To dry lemon peel, scrape it off the fruit with a vegetable peeler, spread it on paper towel and put it in a warm place for about 2 weeks, until crisp.

Mix the ingredients together, seal in a jar and put in a warm place for 2-3 weeks, shaking occasionally.  Put in a bowl to scent the room covering when not in use to retail the scent or in a drawstring bag to hang in a wardrobe.

Lemon verbena essential oil will give the potpourri a stronger fragrance.  It is also useful for adding zest to the mixture at a later date.  As it will lose strength when exposed to light and air.

Raspberry lemon verbena butter

1/2 pound unsalted butter
4 ounces fresh or frozen raspberries (not in syrup)
1 tablespoon sugar, or to taste
1 small handful young, tender lemon verbena leaves

Thaw the raspberries if frozen, and pour off any excess liquid. With all ingredients at room temperature, blend butter, sugar, and raspberries until smooth. This may take a while (about three minutes in my food processor), and you may think it’s never going to emulsify, but it will if you persist. Strip out any large veins in the lemon ver­bena leaves, then add the leaves (chopped if you’re mixing by hand) and blend until the texture is pleasing.  You will love this as a topping on muffins, waffles and pancakes.

This recipe is so good that I did not change it one bit from how it was originally posted on the blog of my friend Nancy - The Lemon Verbena Lady, she obtained it from the Three Rivers Cookbook

Chicken Rice Divan

2 10-oz. pkgs. frozen broccoli spears
1/2 cup shredded Parmesan cheese
6 large slices cooked chicken or 2 cups cubed chicken
salt & pepper
1 cup cooked rice

White Sauce:

2 tbsp. butter or margarine
2 tbsp. flour
1 cup milk
1 tbsp. lemon juice
1 cup dairy sour cream

Cook broccoli according to directions; drain. Arrange in 11-1/2" by 7-1/2" by 1-1/2" baking dish. Sprinkle with half the cheese. Top with chicken. Season with salt and pepper. Spoon on cooked rice. Prepare white sauce: Melt butter, blend in flour, add milk all at once. Cook over medium heat, stirring constantly, until mixture thickens and bubbles. Remove from heat. Stir in lemon juice; gently fold in sour cream, and pour over chicken. Sprinkle with remaining cheese. Bake at 400 degrees for 15-20 minutes or until lightly browned.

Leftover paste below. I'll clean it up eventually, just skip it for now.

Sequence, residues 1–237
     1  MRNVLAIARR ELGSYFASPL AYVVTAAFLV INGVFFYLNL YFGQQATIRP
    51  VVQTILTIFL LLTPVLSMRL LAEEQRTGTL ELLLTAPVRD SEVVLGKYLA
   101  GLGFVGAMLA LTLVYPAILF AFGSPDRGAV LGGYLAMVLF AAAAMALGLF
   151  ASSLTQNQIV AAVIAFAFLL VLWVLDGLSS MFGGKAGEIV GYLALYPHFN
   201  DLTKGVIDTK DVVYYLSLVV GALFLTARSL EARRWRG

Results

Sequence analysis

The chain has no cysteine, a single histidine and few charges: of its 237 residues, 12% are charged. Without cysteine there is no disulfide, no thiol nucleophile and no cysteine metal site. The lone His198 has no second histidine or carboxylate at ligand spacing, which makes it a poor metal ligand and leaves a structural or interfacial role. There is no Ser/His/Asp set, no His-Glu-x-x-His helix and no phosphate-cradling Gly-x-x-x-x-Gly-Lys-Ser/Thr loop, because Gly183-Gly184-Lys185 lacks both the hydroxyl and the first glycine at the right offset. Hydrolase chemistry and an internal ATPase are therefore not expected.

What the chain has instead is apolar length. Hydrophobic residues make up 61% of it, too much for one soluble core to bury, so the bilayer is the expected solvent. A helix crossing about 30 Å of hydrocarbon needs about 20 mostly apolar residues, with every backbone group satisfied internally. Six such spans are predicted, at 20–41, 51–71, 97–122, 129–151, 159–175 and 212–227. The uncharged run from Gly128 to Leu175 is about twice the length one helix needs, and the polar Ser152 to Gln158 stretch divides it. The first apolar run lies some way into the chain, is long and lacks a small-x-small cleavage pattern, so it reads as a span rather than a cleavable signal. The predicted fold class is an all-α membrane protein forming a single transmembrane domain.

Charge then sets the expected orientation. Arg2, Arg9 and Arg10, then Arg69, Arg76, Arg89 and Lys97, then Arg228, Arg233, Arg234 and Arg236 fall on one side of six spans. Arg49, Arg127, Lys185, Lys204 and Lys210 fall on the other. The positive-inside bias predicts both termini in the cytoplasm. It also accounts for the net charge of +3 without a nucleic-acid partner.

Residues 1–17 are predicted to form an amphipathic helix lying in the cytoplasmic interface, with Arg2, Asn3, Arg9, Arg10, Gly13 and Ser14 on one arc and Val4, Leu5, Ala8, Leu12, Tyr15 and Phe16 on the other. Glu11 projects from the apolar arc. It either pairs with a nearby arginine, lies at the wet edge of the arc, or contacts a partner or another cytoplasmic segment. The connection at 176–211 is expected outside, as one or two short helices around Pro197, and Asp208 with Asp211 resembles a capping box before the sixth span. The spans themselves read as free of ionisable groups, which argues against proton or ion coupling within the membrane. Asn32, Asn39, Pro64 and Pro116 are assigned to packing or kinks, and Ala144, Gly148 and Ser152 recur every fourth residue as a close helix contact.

Wednesday, April 1, 2015

Marjoram - Herb of the Week

This year the Men's Garden Club of Villa Park is having a plant sale we have dubbed "Heirlooms and Herbs."  Catering to the home gardener who wants to grow more of their own food, the plant sale will have several varieties of heirloom vegetables and a nice selection of herbs, in addition to perennial flowers as we have had in the past.

I am on the plant sale committee so I got to pick many of the herbs we will be having.  For our first year with this new theme we are sticking to culinary herbs, but if there is a demand for more medicinal herbs, we may be able to work that in next year.  

The sale will be May 9 and 10, 2015 -- For pre-order or location details check out the Garden Club website.

I decided to highlight one of the herbs you will find at the sale as 
Herb of the Week -  Marjoram Origanum Majorana  

Sweet Marjoram, also known as knotted marjoram has a variegated variety that is also just as tasty.
(Origania vulgare ‘ Aureum’) variegated golden marjoram.

In some cases this plant is considered to be interchangeable or the same as oregano, but although the flavor is similar they are two separate species. In ancient times marjoram was associated with marital bliss.  The Greek called it “joy of the Mountains” and used to in garland and wreaths at weddings and funerals.  It is said to precious to Aphrodite, the goddess of love.  It was a traditional plant to plant on a grave the sweet gentle scent to give comfort to the mourners.  If you anointed yourself with marjoram before sleeping, you would dream of your future spouse.

Generally speaking Wild Marjoram (Origanum vulgare)is known as oregano and although similar to Marjoram is in another family but with a similar taste.

To Grow

Grown as a annual in cool climates, this plant can get 12 inches tall in one season.  It has tiny white flowers in a knot and round pale green leaves, both of which are highly aromatic.  Because marjoram seeds are small and slow to germinate, they are usually started indoors in mid-spring for setting out when all danger of frost has passed.  They desire a sunny location with rich, well-drained soil and space the seedlings in clumps of three, every 6 to 8 inches.  Five clumps are all you need to and average hungry family.  Be sure to weed them carefully as the seedlings are very tiny.

Pinching the plant regularly will give it a bushy shape.  It is hardy only in zone 9 and 10 and even then it is I tender perennial, if you want to propagate for next season, you need to allow the roots to develop so you can dig the plant up in fall and divide it.  You will then bring the plant indoors for winter use and for replanting in the spring.